Tuesday, April 20, 2021

The vaccines are coming. It’s time to call your mom

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Vaccinate everyone and end the Covid-19 pandemic, you’re going to have to talk to your mom. Probably your grandfather too. Let’s call it the Adult Children’s Crusade. The vaccines are coming, but are people coming for the vaccines? Forget him anti-vaccine fringe, for a moment; by far the most problematic group will be the “hesitant vaccine“—Moms and dads and grannies and uncles who don’t believe in a great conspiracy theory about Bill Gates and microchips, but I feel a little uncomfortable with it all.

Uncomfortable parents are my specialty. As a doctor, I have tried for years to get my family and friends to follow careful medical advice. It didn’t go so well. Ten years ago they said, “You’re just in medical school. Then I was “just in residence”. Now, unfortunately, I’m a pathologist, who doesn’t exactly shout “nobody from people”. I have had some success, however. Last year, after a hundred sweet conversations, I finally convinced my parents to get the flu shot. (Verdict: “It wasn’t that bad.”) A few months later, Covid-19 struck. I try not to feel completely responsible for this irony.

How did I secure my Pyrrhic victory? Explaining, again and again, that serious side effects from the vaccine are very rare; that it does not offer perfect immunity, but that it is still precious; that I received injections every year and that my arms did not fall; that it is covered by insurance; that it is easy to obtain. Two years ago, I almost managed to convince my mom while I was in the grocery store with her. Then a little old lady like my mother turned around at the cash register and said that she had heard of someone who deceased flu shot. It took me back a while.

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Ultimately when my mom finally gave in (and my dad gave in to my mom) she said it was because she knew that as her son I loved her and would always recommend what I really thought was the best. This was more than she could say about her real doctors, who apparently don’t get any descent points.

News media will be inundated with information about the Covid-19 vaccine in the coming months. There will surely be deniers, conspirators, wackos. There will be reasonable discussions about the trade-offs and uncertainties of the vaccine. But I am convinced that most of the media recognize their responsibility to build confidence in this vital public health intervention.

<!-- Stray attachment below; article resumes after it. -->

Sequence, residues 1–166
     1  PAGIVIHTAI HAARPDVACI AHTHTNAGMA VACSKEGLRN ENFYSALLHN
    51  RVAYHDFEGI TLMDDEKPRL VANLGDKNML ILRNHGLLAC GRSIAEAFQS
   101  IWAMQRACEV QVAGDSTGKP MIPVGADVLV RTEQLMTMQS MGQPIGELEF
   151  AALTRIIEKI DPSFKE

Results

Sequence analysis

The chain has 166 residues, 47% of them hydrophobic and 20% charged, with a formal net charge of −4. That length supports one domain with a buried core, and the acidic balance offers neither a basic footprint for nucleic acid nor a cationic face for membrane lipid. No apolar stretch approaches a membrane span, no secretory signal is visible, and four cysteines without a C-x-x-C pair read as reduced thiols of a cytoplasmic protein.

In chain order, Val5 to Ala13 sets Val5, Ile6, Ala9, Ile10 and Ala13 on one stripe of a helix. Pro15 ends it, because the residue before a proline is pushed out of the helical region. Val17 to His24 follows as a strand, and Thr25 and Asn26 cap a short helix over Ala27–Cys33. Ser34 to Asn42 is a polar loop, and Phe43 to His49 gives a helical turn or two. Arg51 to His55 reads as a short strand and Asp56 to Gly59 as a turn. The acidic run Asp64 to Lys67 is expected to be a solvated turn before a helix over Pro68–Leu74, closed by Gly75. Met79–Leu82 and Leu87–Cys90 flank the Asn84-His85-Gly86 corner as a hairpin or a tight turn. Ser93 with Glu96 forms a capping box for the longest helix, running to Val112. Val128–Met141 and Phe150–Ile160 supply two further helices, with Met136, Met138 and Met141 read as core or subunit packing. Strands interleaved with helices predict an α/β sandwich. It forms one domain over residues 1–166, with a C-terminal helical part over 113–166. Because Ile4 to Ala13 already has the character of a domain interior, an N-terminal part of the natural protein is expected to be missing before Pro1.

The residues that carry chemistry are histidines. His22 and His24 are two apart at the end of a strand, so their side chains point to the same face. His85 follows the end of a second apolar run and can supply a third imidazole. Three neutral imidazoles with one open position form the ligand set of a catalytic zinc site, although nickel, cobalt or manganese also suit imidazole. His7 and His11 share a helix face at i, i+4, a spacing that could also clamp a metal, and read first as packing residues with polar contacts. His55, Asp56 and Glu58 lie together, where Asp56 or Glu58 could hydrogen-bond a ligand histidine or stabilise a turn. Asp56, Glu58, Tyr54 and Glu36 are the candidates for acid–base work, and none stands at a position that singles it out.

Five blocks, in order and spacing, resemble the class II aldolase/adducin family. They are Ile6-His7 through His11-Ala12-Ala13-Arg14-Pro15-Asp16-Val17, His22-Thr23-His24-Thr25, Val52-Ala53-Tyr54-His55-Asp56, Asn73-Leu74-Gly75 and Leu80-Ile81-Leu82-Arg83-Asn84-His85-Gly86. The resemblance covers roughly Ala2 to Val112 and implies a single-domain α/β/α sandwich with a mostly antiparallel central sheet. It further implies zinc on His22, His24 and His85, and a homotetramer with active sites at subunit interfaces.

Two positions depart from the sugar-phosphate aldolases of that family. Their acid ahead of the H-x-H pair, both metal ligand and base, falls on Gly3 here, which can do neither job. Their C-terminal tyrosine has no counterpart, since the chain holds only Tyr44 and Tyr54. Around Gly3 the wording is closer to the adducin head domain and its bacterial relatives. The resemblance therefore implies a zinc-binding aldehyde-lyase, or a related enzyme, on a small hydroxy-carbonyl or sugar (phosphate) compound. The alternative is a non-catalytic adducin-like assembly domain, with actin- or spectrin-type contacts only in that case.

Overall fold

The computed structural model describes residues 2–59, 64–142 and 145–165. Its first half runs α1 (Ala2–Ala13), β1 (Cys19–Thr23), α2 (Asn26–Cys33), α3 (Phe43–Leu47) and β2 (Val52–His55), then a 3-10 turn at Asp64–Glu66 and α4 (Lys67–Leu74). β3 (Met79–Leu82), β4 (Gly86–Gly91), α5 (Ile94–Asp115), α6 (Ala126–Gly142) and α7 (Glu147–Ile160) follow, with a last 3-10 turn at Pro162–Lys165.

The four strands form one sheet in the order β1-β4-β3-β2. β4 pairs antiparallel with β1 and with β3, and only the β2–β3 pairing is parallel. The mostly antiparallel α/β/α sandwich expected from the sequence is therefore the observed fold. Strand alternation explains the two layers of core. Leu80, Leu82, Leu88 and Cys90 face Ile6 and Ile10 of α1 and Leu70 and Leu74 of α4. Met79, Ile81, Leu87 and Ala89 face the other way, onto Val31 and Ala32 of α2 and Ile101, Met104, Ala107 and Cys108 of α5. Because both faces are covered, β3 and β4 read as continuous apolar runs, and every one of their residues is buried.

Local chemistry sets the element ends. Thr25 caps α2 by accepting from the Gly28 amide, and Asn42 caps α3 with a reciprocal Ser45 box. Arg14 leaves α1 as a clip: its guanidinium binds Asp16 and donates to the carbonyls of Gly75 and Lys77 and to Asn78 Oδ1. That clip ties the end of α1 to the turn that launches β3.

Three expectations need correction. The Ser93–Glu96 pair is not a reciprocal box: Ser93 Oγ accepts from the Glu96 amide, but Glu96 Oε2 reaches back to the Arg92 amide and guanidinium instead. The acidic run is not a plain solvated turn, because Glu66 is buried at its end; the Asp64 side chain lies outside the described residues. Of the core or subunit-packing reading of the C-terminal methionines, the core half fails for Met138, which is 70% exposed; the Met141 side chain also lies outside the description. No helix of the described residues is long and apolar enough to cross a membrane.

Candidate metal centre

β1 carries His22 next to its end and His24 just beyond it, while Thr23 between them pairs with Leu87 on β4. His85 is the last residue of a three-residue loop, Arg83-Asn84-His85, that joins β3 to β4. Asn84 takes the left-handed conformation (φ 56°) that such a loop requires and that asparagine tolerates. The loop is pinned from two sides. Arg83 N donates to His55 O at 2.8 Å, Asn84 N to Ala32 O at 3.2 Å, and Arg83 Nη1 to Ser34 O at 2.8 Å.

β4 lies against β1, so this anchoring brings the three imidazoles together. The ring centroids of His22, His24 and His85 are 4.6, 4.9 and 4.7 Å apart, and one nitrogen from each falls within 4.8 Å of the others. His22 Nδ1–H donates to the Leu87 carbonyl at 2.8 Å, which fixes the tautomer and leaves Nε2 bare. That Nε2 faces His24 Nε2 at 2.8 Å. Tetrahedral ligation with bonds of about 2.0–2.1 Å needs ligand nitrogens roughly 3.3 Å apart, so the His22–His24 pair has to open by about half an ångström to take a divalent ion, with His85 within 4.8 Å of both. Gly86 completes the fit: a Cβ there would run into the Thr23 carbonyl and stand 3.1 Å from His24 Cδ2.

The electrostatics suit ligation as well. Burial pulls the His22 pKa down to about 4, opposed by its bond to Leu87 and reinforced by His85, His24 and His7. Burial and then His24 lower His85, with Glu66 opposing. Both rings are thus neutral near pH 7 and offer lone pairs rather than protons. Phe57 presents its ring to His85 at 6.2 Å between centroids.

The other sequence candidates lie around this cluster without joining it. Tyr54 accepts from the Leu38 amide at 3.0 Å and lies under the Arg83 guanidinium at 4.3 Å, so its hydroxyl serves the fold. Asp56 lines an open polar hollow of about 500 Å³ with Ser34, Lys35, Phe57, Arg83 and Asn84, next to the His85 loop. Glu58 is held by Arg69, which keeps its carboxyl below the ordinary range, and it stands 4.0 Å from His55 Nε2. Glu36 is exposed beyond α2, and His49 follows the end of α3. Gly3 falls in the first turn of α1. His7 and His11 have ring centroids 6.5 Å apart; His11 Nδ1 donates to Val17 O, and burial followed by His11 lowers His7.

It will still not be enough. News, even when delivered with good intentions, can be chaotic and contradictory. Stories emerge, but we hear too much from too many angles to keep it straight. Your uncle’s Facebook friends also face stiff competition. Who do you really want him to believe, CNN or Jim from college?

Maybe our crusade needs an FAQ. Short videos of adult children sighing through answers to silly questions our loved ones are forced to ask – ones too dumb for even wired news to address. No, RNA was not invented by Pfizer; it’s already a real thing! No, you don’t personally have to buy an ultra-cold freezer if you want the vaccine; there are people who will take care of this part. Yes, I’ll talk to you again if you don’t take the picture; but we will mostly talk about the reasons why you should take it, and it wouldn’t be boring.

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Ultimately, our friends and family ask us to answer silly questions or demystify a cousin’s Facebook post because they are uncomfortable and scared. It has been a year of unprecedented experiences, at least for those of us who did not experience the 1918 flu. Some trepidation is reasonable. You don’t have to be a doctor to adequately address these concerns. You have to practice love, patience, and understanding.

As a gay man, this is not the first virus to scare me. HIV remains endemic in our community. Gays talk about it, think about it, unfortunately still contract it. The fight against this virus also required de-stigmatization at the personal and community level. I have friends who get tested with their new boyfriend. If you let a trip to the clinic seem as easy as a trip to Starbucks, it just gets easier. Eating your own dog food, as they say, is also powerful. Go have your picture taken alongside your grandfather. Explain why you personally think it is important for you and your community to get the vaccine. Make it a day, eat take out after.

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It turns out that there is real science to support the idea that “empathy and a bonded relationship” can change hearts and minds about vaccines. Experts to suggest that “prosocial” messages emphasizing altruism, family and community may be more effective than fear tactics. But more importantly, it looks like it should be true, which sort of is the point.

We live with an information glut. As a voracious news consumer, I am grateful for having easy access to the world’s knowledge. But it’s damn confusing. At this critical time, let compassion guide you instead. Start discussing the vaccine with family and friends now. As more details become available, make a specific plan for how you are all going to get the photo. The first step in the vaccine race was scientific; the latter will be human.


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